It is certainly an understatement to say that the COVID-19 pandemic changed everyday life and business for many people around the world. One shift that businesses and all types of organizations had to make quickly—or perhaps might still need to complete—is ensuring that their online platforms and digital assets are easy to use, simple to navigate, and work reliably.
This shift has highlighted the need for digital accessibility. People with hearing loss need particular accommodations to assist them, and that includes when using websites. Now, both during the pandemic and post-pandemic, it is even more important than ever before to consider those with disabilities or different abilities. In the pandemic era we live in, digital accessibility is essential.
During the pandemic, it became obvious to everyone how frustrating it is when digital assets do not work properly. In the height of widespread lockdowns, problems like websites or apps that did not work properly could mean the difference between being able to order meals, submit grocery orders, complete your work or schoolwork, keep in touch with friends and family, and much more. While many people became more aware of these problems during the pandemic, these issues have been problematic for those with disabilities for a much longer time.
Ensuring that online content is accessible means making sure that all people can read and understand the content—while taking into account any disabilities, different abilities, or assistive technologies they may have. These disabilities may include impaired vision, impaired hearing or deafness, motor difficulties, learning disabilities, or cognitive impairments.
People with disabilities who may have formerly relied more heavily on in-person interactions (in stores and banks, for example), now find themselves forced to navigate an online world that is not always designed with their different abilities in mind. Companies and organizations must take steps to ensure that all online content is accessible. A few simple steps toward accessibility include:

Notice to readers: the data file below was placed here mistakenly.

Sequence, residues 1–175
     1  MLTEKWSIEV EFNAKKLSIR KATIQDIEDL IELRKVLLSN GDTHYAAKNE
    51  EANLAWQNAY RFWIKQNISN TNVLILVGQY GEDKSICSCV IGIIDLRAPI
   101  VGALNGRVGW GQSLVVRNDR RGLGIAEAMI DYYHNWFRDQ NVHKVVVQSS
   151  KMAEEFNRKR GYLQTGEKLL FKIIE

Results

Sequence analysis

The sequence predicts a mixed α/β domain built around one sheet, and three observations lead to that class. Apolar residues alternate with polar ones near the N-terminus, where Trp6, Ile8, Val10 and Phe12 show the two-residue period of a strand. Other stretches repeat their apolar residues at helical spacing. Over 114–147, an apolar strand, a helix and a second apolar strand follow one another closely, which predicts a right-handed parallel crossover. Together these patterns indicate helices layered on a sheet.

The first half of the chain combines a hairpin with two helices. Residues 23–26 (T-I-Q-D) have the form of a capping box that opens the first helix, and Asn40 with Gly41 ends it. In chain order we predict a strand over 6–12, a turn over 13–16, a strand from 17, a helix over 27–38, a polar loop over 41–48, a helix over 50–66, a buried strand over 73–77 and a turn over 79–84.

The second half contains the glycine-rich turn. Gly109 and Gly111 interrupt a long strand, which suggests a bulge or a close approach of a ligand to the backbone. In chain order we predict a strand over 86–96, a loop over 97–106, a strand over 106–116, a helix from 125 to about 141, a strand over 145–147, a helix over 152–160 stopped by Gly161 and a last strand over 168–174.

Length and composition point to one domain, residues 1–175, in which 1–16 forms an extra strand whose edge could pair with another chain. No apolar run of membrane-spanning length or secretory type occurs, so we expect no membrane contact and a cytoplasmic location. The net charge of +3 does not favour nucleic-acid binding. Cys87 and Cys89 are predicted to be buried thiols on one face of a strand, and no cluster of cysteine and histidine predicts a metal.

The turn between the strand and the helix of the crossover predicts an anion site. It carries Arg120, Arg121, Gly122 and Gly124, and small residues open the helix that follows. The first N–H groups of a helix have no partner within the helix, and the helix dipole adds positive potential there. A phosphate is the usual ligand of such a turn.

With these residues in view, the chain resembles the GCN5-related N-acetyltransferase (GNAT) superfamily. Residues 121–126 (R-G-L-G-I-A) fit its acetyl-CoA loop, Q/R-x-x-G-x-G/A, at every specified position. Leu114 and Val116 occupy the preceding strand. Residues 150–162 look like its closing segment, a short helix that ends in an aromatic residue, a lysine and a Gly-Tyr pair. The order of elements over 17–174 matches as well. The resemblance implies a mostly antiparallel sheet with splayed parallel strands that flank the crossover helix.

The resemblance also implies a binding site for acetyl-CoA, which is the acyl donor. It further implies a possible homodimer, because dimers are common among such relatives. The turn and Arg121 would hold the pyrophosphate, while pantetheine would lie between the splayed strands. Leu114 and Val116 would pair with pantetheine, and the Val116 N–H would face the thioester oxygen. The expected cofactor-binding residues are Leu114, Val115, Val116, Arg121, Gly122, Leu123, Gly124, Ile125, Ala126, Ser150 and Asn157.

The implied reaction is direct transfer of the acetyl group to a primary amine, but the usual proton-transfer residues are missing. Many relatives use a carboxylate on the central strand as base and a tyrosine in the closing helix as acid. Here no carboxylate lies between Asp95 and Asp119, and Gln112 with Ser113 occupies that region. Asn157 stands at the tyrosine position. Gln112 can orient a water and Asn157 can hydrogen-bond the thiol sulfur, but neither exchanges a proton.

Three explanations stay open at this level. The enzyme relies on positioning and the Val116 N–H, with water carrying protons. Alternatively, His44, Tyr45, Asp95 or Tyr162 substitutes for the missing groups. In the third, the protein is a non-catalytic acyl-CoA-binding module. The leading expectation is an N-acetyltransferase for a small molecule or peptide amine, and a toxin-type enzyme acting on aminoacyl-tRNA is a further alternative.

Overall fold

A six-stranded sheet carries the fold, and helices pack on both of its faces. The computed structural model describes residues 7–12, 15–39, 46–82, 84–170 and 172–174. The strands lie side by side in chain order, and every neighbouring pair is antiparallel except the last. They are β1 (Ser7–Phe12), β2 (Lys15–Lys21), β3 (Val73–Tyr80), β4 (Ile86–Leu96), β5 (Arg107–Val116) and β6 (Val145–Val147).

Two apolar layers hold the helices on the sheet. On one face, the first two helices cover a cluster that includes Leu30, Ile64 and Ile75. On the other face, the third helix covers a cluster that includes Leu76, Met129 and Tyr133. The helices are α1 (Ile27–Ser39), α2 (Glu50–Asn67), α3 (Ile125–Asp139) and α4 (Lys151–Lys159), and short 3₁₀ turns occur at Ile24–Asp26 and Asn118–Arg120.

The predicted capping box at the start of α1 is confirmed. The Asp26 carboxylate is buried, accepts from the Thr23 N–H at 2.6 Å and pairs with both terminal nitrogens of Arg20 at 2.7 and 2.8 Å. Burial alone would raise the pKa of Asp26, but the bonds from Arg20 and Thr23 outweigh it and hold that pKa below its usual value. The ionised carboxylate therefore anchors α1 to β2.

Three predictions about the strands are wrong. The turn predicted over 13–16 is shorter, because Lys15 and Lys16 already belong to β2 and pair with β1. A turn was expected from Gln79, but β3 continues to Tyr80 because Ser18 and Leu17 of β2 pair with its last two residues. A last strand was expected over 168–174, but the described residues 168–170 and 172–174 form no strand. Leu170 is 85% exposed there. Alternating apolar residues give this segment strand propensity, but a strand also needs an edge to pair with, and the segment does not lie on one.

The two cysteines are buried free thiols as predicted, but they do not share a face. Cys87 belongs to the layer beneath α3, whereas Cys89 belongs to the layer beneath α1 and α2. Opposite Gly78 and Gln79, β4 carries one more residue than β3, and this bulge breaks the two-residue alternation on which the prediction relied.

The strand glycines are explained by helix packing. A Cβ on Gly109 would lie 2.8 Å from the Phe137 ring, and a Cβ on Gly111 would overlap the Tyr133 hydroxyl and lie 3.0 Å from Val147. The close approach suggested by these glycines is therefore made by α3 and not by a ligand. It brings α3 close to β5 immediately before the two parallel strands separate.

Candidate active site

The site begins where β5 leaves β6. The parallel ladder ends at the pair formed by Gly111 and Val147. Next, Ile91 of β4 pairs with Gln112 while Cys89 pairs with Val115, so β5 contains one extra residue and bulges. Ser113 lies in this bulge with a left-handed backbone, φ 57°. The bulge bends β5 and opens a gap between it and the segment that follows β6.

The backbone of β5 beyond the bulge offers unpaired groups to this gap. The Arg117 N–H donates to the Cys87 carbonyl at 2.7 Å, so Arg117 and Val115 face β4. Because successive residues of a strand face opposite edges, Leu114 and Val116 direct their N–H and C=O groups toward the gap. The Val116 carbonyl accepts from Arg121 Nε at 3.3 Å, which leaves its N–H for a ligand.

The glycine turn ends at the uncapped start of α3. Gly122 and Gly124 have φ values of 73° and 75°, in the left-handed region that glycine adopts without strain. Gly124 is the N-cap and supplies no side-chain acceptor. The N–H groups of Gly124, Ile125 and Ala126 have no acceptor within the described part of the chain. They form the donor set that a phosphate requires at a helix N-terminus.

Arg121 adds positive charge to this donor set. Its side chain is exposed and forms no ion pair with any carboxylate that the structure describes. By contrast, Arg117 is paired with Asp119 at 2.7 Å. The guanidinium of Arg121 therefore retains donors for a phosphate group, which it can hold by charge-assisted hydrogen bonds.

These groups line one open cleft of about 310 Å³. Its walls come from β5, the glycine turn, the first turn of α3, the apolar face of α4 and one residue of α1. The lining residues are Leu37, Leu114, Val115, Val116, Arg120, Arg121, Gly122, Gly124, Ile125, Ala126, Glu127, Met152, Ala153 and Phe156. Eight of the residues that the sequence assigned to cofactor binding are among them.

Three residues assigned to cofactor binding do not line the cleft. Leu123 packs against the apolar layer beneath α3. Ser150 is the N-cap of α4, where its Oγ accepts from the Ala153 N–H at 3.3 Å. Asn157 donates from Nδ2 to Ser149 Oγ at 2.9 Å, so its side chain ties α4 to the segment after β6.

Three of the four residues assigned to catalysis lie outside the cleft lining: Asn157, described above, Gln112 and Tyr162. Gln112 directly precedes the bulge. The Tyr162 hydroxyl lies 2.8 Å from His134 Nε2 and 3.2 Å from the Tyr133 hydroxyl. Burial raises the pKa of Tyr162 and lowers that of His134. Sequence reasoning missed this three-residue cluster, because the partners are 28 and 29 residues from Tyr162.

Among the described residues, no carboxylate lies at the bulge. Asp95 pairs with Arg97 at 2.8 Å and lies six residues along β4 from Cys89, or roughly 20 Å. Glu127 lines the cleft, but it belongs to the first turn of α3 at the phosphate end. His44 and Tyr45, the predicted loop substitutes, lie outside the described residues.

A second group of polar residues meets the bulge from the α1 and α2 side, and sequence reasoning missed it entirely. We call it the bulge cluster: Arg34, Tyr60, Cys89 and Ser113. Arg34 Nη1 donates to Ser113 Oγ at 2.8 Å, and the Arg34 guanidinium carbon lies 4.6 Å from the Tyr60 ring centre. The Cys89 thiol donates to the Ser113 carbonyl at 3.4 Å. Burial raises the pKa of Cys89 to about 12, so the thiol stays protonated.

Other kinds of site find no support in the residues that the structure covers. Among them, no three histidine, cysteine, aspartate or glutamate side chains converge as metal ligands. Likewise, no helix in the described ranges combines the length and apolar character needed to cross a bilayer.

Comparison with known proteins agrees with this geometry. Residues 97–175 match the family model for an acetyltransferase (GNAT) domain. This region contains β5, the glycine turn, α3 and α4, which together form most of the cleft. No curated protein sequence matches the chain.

- Ensuring websites and emails are properly displayed and easily navigable on a mobile device
- Making certain that websites and emails can be easily navigated with a keyboard only
- Creating PDF documents that can be read by screen readers
- Avoiding text with poor color contrast
During and post-pandemic, these shifts toward accessibility can make a big difference for all people with disabilities. Making sure that online content can be consumed and understood by all people also complies with accessibility laws.
While email was a commonly used form of communication before the COVID-19 pandemic, it has become increasingly popular—even vital—to companies during the pandemic as they have been unable to rely on physical interaction. Many companies used email to convey their business continuity plans and health safety standards to consumers during the pandemic. However, a recent study found that among financial services firms, only 25 percent were testing accessibility in their software development process. This leaves room for incredible improvement in this sector when it comes to accessibility. The pandemic has highlighted the importance of digital content and communication, and it continues to showcase the need for accessibility. To learn more about how you can ensure that your digital content and online services are accessible, we encourage you to contact us today at AudiologyPlus.
Add a Comment